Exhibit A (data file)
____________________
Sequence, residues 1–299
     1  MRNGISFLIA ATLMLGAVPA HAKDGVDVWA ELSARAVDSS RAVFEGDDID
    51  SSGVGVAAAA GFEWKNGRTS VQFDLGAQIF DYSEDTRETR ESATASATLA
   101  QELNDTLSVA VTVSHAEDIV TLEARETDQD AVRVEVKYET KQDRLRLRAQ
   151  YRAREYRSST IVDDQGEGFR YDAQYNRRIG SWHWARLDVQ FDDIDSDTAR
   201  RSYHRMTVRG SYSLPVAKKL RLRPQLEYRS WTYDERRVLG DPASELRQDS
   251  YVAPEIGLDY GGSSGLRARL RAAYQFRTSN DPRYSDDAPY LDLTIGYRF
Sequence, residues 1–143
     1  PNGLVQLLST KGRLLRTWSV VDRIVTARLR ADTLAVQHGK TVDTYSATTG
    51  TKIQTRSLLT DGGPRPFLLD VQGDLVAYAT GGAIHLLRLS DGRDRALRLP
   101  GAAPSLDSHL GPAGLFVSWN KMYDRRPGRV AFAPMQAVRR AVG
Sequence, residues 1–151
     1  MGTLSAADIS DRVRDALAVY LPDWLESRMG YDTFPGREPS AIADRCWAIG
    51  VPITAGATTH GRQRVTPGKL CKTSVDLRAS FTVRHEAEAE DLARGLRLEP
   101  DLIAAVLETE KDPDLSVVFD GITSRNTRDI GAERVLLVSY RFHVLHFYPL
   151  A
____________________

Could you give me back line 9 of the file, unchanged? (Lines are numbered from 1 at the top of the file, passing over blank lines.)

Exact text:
     1  PNGLVQLLST KGRLLRTWSV VDRIVTARLR ADTLAVQHGK TVDTYSATTG